SOUTHWEST ASIA-- The 386th Air Expeditionary Wing plays a major logistical role in delivering critical supplies to the frontlines in the war against ISIS. One of the ways the 386th AEW supports the Combined Joint Task Force -Operation Inherent Resolve mission is by conducting airdrops to move supplies downrange.
The airdrop missions flown by the 386th AEW’s aircrews are the direct result of a working partnership between the U.S. Air Force and U.S. Army. At the heart of that partnership is the relationship between the Army parachute riggers and the Air Force loadmasters.
“Whether in theater or back in garrison, we are constantly working with different air wings from across the Air Force,” said U.S. Army Staff Sgt. Justin Devaul, a parachute rigger assigned to an Army special operations forces group. “They are either flying to our station or we are going temporary duty to their station, and they are getting certified on different types of air bundles while we are staying proficient at our jobs. So it’s never ending. We need the Air Force in order for any of this to happen.”
The airdrop process begins with the Army parachute riggers who receive a supply request from warfighters on the frontlines. The requests range from food and water to ammunition and special equipment. Whether it’s a routine re-supply or an emergency re-supply, the riggers quickly get to work palletizing and rigging up the materials.
“Our process is very important because once we receive the request on what they need we have a limited time, so if we rig the wrong thing or rig a malfunction into an airdrop, that could hurt the ground troop,” said Devaul. “If they are in a serious situation where they need ammo and we send the wrong ammo, that could really hinder their performance. Without the attention to detail from both the Army and the Air Force, the ground personnel would really be struggling.”
Devaul’s prior experience on the ground brings a real sense of urgency to him and his fellow riggers to fill re-supply requests as quickly as possible.
“Seeing things from both points of view, it is definitely beneficial, because when we receive an emergency request here, you know what those guys are feeling on the ground,” said Devaul. “Being on the ground and having that emergency come up, you really need to have the riggers back here or wherever it is to really be on top of their game. They’re going to drop you ammo or whatever special items that you’re going to need to continue on with the fight, and it can really change the outcome.”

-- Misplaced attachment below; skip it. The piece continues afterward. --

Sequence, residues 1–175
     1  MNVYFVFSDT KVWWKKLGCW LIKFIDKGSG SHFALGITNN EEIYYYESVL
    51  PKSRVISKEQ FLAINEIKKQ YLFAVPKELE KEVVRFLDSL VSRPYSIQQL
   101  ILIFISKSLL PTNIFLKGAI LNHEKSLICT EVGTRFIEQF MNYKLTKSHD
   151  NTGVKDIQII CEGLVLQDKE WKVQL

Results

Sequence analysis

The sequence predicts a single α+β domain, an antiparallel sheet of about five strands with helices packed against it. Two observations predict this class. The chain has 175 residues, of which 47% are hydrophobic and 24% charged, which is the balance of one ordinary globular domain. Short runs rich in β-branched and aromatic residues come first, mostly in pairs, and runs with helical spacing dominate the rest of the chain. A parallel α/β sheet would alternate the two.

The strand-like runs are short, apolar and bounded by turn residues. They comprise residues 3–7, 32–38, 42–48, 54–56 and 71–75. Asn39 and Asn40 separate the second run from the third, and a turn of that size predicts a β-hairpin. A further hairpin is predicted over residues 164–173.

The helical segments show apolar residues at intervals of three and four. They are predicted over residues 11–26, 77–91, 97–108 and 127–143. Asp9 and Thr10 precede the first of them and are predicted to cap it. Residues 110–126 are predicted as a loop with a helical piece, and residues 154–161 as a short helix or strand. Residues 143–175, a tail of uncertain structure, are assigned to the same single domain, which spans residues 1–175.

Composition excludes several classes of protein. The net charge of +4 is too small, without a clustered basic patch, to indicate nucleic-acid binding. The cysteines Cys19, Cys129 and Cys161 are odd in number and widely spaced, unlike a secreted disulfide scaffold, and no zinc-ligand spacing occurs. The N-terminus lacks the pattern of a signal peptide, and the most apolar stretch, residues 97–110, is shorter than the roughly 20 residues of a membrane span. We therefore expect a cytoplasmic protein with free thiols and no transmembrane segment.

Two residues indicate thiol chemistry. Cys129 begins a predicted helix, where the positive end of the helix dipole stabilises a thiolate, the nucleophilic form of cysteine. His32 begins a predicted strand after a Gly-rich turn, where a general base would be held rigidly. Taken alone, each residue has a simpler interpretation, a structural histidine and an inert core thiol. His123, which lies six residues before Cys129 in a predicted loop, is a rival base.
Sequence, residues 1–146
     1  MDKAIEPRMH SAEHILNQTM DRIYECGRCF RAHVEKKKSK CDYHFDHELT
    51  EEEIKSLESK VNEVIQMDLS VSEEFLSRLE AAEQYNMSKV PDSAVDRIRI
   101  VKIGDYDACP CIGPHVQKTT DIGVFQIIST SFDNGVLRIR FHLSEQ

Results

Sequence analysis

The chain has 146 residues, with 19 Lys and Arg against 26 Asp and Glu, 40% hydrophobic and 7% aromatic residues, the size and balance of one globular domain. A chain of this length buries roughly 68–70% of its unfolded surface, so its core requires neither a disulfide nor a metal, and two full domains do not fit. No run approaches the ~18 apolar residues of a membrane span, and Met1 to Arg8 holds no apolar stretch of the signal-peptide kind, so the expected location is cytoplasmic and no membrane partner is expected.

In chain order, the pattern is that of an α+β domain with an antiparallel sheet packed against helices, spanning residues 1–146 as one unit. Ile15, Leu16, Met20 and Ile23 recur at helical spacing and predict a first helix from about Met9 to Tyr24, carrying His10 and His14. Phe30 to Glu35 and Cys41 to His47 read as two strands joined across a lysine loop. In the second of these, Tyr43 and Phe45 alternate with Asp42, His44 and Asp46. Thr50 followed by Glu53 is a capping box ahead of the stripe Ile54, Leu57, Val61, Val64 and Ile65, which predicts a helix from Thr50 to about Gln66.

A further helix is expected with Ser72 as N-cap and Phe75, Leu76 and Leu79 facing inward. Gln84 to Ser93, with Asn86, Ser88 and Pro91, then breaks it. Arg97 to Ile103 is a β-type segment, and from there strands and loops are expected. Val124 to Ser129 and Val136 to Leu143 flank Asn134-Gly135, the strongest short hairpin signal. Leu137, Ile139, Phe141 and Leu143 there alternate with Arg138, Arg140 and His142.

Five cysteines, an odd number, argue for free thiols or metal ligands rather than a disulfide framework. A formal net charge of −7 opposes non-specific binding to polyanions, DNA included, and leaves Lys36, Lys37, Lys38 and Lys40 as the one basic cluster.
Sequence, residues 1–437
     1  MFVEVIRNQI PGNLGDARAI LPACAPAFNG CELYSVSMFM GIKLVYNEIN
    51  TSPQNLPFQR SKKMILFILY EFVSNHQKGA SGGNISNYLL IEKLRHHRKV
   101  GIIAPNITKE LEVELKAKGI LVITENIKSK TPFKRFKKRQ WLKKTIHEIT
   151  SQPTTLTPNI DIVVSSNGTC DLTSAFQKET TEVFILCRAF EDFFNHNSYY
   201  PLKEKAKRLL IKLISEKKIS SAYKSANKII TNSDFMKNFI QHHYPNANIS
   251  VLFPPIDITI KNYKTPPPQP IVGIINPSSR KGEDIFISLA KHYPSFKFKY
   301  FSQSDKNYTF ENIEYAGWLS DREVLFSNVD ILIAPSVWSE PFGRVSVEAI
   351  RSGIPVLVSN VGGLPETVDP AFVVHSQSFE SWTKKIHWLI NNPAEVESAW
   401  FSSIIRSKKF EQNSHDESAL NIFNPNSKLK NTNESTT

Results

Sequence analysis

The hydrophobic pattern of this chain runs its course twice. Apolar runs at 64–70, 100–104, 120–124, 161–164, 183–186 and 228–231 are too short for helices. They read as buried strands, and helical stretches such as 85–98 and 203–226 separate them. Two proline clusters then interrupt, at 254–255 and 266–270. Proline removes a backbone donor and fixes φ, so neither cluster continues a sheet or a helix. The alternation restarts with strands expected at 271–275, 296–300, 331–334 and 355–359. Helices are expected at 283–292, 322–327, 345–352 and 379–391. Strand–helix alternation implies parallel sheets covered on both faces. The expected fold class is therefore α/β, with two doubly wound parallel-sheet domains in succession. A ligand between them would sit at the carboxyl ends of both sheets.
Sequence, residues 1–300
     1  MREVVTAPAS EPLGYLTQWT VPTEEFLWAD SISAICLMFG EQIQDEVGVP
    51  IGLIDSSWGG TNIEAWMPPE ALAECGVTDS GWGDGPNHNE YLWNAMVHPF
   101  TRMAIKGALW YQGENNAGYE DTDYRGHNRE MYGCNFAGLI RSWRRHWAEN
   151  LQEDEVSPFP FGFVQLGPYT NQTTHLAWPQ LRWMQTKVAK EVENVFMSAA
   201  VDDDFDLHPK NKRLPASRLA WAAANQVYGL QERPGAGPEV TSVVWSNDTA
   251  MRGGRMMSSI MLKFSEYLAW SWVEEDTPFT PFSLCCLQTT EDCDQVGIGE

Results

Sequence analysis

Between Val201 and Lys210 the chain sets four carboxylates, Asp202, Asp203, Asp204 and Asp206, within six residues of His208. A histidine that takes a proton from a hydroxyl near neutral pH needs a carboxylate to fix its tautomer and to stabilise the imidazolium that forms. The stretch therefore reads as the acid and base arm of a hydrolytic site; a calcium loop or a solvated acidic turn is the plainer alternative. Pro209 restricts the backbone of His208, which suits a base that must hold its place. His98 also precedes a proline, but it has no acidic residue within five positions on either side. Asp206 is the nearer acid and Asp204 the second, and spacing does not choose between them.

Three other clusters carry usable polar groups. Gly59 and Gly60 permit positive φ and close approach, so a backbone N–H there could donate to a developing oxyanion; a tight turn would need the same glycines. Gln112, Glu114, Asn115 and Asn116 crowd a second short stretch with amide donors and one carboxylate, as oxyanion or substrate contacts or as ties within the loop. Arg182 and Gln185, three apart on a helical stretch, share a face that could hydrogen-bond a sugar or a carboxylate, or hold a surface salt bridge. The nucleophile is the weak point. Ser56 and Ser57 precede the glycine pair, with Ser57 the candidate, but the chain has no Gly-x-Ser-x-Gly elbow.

Once the items are rigged up, the Army riggers work with the Air Force to get the items onto a plane and airdropped to the target location.
The day of the drop, the planes are loaded and the Army riggers board to attach static lines to the airdrop bundles. Airdrop bundles are rigged within specific guidelines to ensure the cargo properly exits the aircraft, the parachute properly deploys, and the bundle lands intact on its target.
It is the responsibility of the joint airdrop inspectors to ensure all the airdrop bundles are properly rigged before the airplane takes off. An Air Force JAI-certified loadmaster and an Army rigger work together to conduct the inspection of each bundle.
“The Air Force loadmaster and the Army rigger are going through to make sure nothing is cut or frayed on the load itself, making sure the correct parachute is attached, the static line is attached correctly and everything is working properly,” said Devaul.
“There are quite a bit of things involved in rigging an airdrop,” said U.S. Air Force Master Sgt. Jim Harper, a loadmaster with the 737th Expeditionary Airlift Squadron. “It’s a lot more complicated than just loading the bundles and kicking them out. Depending if it’s heavy equipment or low-cost low-altitude small stuff, or if it’s a bigger containerized deliver system drop, they all have different types of chutes, all have different types of rigging so it’s important to know everything that you are looking for.”
Devaul and Harper agree that attention to detail by both the Army and Air Force is essential to ensuring success of these high priority missions.
“The inspection itself is very vital,” said Harper. “If that inspection isn’t done properly you could have a load that would go out of the airplane wrong, fail in flight or not get to the end user.”
The riggers and loadmasters understand that their rigging and inspections directly impact the troops on the ground, especially if it’s an emergency request where there are troops in contact who are counting on that pallet full of ammunition.
“It’s a big sense of pride because you know that without the work that both the Army and the Air Force are doing, those guys wouldn’t be able to continue fighting,” said Devaul. “Thank God they are trained at what they do and they are great at what they do on the ground, but they wouldn’t be able to do that if we weren’t sending them things from the sky. We send them everything they need so there is a lot of pride in our work.”